MRO Americas

Industry Officials Rebuff USAF Sustainment Proposal

Move to buy back intellectual property rights on military equipment criticized by two industry executives at MRO Americas panel on Tuesday (April 9).

A U.S. Air Force official’s month-old proposal to buy back intellectual property rights on military equipment from industry drew sharp criticism from two industry executives during an April 9 panel at MRO Americas. 

“I say that’s absolute bullshit,” said John Johns, chief executive officer of the Gryphon Group. “I think it’s a fundamental mistake to pursue that kind of logic.”

Johns’ rebuke was echoed by Tim Matthews, a retired rear admiral and now vice president of F-35 sustainment for Lockheed Martin. 

“I’m more convinced than ever that that would be a mistake,” Matthews said. “It shoudln’t be an either/or proposition.”

Both speakers on the conference’s panel on maintenance forecasting were responding to an active proposal by Will Roper, assistant secretary of the Air Force for Acquisition, Technology and Logistics. 

Speaking at the McAleese/Credit Suisse Defense Programs conference on March 8, Roper said he wants the Air Force to regain control of sustainment and modernization of weapons platforms by possibly paying a licensing fee or royalty for the intellectual property rights. Roper’s objective is to concentrate the industry on designing and developing aircraft for his proposed “capability pipeline,” in which new aircraft models would enter service on a short-term cycle.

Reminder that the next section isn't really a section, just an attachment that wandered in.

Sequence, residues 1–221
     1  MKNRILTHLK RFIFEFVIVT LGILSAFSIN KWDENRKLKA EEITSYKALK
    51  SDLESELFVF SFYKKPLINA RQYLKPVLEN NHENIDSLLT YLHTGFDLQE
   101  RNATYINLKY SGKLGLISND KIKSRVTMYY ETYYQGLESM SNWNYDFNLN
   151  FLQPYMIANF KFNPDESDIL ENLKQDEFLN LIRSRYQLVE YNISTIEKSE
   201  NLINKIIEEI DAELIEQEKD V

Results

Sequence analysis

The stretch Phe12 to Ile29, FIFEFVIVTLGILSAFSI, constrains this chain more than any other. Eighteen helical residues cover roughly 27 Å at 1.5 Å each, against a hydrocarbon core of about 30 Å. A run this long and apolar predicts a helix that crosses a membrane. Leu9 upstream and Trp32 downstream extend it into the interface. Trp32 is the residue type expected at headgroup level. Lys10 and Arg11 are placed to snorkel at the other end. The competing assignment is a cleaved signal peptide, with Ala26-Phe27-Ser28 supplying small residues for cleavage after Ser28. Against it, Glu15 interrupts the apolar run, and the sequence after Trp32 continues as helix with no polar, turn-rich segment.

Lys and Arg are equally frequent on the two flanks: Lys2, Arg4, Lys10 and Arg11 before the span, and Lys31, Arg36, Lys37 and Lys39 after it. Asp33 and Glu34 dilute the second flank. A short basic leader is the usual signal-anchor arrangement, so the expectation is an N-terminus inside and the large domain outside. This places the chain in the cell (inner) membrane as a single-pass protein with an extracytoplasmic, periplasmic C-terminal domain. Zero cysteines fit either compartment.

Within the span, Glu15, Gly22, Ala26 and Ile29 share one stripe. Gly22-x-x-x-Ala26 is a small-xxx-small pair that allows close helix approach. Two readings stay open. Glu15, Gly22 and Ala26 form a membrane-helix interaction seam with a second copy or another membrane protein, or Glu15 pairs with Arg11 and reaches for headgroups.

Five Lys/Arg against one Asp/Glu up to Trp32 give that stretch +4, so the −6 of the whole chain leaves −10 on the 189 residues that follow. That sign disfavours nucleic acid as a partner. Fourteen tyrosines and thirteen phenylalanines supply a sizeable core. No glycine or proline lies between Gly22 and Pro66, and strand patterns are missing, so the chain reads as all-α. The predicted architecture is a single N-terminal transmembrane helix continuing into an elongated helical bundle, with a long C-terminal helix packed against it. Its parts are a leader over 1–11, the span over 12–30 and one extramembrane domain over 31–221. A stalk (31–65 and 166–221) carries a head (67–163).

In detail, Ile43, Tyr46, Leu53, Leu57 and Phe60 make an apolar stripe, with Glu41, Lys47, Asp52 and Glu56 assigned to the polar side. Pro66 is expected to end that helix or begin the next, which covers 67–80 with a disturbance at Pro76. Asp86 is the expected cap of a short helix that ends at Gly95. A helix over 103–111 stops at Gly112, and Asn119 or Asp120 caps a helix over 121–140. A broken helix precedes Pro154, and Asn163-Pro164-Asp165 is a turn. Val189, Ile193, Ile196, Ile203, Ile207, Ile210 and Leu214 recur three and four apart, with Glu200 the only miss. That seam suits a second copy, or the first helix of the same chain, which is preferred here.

It’s a proposal that would suggests radical changes in the structure of the industry. Many companies rely on the long-term stream of revenue created by supporting military aircraft for decades. To incentivize the industry, the Air Force would have to replace the cash flow from the sustainment phase of a product’s lifecycle by offering more development and production work. 

But Johns is skeptical such a change is feasible. 

“You would really have to short-cycle development to the point of absurdity, so that he’s producing the next generation fighter at the same time he’s fielding the first one,” Johns said. “If Mr. Roper can envision something like that, then there maybe is a value proposition in it. But that’s not anywhere close to executable.”

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